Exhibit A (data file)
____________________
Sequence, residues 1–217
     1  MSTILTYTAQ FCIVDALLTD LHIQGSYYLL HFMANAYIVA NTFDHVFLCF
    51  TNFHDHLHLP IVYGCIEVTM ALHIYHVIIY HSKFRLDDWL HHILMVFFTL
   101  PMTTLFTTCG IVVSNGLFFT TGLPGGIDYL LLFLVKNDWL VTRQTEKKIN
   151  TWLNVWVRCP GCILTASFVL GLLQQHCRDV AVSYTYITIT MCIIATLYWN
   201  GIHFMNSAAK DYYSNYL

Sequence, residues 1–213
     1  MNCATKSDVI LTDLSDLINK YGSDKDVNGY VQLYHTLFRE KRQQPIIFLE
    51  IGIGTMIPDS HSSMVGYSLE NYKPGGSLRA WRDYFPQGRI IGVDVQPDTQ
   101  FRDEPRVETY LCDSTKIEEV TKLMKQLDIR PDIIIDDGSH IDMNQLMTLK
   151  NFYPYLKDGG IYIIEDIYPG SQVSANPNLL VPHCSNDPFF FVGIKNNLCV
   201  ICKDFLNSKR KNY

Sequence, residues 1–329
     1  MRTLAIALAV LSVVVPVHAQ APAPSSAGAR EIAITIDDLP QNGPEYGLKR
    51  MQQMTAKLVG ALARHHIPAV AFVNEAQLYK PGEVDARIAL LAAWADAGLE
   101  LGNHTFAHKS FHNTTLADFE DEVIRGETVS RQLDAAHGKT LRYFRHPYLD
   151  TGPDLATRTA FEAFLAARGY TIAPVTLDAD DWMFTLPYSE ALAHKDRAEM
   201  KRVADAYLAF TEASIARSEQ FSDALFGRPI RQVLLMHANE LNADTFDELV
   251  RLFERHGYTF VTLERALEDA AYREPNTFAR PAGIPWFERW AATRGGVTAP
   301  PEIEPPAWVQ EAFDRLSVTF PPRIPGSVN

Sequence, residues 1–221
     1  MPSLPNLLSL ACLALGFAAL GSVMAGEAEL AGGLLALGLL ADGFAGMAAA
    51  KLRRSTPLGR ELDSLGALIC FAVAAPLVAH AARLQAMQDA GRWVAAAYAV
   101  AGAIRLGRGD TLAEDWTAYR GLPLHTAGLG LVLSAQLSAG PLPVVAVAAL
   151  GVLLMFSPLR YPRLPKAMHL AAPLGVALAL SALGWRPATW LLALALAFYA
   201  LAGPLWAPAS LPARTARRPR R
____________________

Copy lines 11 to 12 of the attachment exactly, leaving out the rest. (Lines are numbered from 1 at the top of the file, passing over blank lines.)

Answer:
   151  NFYPYLKDGG IYIIEDIYPG SQVSANPNLL VPHCSNDPFF FVGIKNNLCV
   201  ICKDFLNSKR KNY